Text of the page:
The lines between cameras and phones blur even more with Samsung's Galaxy Camera.
Samsung's latest 21X-zoom camera runs Android 4.1 Jelly Bean, and it's the first camera to offer 3G/4G connectivity and a 4.8-inch touchscreen.
The Sony Alpha NEX-5R and Nikon Coolpix S800C both run apps, but beyond that, they're about as different as they can be.
Nikon's Coolpix S800C will be the first major-release camera to run the Android operating system.
The Nikon Coolpix S800C is half pocket megazoom, half mobile device thanks to a 10X-optical-zoom lens and an Android OS that runs apps.
The PowerShot SX500 IS and PowerShot SX160 IS are bulkier than most long-zoom cameras you'll find these days, but if you want a CCD sensor, a handgrip, and manual controls, they fit the bill.
With an F1.8 lens, manual exposure controls, and a much lower price than its premium point-and-shoot rivals, the pocketable Coolpix P310 offers excellent bang for the buck.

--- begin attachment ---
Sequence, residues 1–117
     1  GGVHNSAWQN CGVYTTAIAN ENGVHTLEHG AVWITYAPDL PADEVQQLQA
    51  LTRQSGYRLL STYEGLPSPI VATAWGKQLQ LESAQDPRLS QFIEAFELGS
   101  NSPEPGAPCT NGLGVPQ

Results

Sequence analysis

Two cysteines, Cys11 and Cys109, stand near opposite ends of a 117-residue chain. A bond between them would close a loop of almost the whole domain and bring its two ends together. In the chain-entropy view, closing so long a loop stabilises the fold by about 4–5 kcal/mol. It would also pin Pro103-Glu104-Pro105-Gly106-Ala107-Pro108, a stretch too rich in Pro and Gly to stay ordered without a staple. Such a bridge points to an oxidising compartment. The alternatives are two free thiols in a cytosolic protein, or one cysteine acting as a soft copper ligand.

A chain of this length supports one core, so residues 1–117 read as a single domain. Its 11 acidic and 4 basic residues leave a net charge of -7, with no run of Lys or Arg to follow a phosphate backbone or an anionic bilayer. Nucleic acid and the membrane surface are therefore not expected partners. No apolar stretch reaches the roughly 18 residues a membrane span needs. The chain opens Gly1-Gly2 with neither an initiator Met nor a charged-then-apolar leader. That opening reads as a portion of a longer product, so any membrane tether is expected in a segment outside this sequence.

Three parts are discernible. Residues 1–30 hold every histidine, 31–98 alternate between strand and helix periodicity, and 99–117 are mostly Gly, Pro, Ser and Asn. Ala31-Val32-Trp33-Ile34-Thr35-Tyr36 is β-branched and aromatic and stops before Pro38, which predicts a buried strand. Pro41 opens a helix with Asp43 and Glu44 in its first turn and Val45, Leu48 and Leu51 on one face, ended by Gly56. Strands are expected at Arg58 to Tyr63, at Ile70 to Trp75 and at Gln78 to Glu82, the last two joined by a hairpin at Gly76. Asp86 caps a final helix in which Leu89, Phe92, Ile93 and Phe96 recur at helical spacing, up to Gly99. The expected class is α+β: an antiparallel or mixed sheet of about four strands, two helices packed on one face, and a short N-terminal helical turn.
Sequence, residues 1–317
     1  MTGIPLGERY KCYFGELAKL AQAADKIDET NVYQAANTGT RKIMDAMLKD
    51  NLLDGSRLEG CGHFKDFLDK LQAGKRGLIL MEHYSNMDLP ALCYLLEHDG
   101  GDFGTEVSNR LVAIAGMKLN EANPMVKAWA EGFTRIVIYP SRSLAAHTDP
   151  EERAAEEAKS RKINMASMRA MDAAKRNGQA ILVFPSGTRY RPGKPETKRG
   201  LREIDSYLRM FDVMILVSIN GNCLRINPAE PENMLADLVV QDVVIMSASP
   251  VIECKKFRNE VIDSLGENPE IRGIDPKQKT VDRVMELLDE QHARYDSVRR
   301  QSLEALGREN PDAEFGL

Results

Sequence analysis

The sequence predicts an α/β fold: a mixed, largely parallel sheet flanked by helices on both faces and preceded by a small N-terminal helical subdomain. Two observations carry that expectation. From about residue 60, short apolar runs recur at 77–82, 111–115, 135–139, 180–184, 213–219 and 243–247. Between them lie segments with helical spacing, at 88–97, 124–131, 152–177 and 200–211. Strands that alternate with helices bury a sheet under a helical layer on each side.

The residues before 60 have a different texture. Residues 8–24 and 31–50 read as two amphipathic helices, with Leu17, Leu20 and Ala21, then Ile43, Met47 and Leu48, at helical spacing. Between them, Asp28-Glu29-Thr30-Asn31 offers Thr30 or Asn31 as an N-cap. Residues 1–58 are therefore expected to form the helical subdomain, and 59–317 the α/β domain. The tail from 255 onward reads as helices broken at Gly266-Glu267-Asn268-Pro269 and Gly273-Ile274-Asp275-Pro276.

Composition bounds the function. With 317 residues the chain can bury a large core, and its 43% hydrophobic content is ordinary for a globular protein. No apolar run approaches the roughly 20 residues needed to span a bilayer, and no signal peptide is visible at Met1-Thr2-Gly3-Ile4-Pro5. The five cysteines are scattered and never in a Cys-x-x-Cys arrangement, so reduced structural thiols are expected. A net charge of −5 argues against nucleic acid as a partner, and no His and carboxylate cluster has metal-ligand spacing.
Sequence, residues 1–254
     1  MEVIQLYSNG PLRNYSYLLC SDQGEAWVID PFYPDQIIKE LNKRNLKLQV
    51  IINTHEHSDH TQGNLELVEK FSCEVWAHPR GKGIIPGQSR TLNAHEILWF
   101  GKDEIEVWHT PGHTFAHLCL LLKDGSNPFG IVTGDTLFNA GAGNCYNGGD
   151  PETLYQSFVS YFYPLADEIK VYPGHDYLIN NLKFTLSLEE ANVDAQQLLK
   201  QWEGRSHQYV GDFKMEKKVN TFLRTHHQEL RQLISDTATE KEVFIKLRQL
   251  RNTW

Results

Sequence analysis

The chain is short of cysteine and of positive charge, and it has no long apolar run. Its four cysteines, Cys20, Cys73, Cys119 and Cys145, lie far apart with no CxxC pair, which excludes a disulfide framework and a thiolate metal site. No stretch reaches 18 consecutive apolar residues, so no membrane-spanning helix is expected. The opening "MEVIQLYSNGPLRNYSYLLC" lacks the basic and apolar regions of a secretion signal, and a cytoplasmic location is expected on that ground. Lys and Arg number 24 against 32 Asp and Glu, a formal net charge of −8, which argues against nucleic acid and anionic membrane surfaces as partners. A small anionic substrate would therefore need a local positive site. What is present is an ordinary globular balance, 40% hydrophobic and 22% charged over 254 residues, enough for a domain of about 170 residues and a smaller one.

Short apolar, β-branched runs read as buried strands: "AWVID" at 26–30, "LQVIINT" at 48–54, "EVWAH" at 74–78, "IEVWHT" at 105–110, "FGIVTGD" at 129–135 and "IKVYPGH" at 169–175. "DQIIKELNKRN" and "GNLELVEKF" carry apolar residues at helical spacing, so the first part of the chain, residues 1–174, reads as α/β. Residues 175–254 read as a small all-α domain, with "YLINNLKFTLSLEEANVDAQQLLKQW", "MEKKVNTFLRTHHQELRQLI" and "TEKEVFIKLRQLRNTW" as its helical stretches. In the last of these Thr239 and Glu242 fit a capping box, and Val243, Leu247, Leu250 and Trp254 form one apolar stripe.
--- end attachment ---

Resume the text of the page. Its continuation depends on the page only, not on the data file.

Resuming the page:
Moreso than any Wi-Fi camera we've tested, the 21X-optical-zoom WB850F is an excellent option outside of its wireless-sharing features.
You don't need a Hollywood budget to create compelling videos. All you need is an iPhone and these free apps.
The Nikon 1 J2 is a slightly different version of its predecessor, with new creative photo modes, revamped lens technology, and a lower price.
The $800 Canon PowerShot G1 X has a very large sensor for a fixed-lens camera, and its image quality is absolutely stunning. On macro photos, autofocus speeds, and fast-action shots, however, it may let you down.
These free iOS apps let you control your iPhone's shutter speed, simulate the effects of a wide-aperture lens, and shoot super-slow-motion video.
The good news is that there are more excellent pocket cameras than ever before. The bad news is that it's hard to pick one. We'll help you narrow down your choices.
The premium point-and-shoot class has lots of tough competition, but Samsung's EX2F stands out thanks to a fast F1.4 lens and Wi-Fi features.